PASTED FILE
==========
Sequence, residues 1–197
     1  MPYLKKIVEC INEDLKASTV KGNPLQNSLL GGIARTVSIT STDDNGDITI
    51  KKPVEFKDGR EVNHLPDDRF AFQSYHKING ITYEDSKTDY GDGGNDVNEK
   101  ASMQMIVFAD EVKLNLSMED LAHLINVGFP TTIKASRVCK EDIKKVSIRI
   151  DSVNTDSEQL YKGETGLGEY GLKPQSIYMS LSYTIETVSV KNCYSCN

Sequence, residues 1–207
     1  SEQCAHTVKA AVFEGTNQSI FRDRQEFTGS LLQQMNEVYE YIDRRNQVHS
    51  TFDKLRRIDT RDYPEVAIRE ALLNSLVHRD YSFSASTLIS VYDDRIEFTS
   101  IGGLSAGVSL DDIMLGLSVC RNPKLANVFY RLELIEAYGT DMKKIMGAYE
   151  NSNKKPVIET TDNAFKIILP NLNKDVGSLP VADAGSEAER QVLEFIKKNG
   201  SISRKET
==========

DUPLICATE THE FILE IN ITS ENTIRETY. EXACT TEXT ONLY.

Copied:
Sequence, residues 1–197
     1  MPYLKKIVEC INEDLKASTV KGNPLQNSLL GGIARTVSIT STDDNGDITI
    51  KKPVEFKDGR EVNHLPDDRF AFQSYHKING ITYEDSKTDY GDGGNDVNEK
   101  ASMQMIVFAD EVKLNLSMED LAHLINVGFP TTIKASRVCK EDIKKVSIRI
   151  DSVNTDSEQL YKGETGLGEY GLKPQSIYMS LSYTIETVSV KNCYSCN

Sequence, residues 1–207
     1  SEQCAHTVKA AVFEGTNQSI FRDRQEFTGS LLQQMNEVYE YIDRRNQVHS
    51  TFDKLRRIDT RDYPEVAIRE ALLNSLVHRD YSFSASTLIS VYDDRIEFTS
   101  IGGLSAGVSL DDIMLGLSVC RNPKLANVFY RLELIEAYGT DMKKIMGAYE
   151  NSNKKPVIET TDNAFKIILP NLNKDVGSLP VADAGSEAER QVLEFIKKNG
   201  SISRKET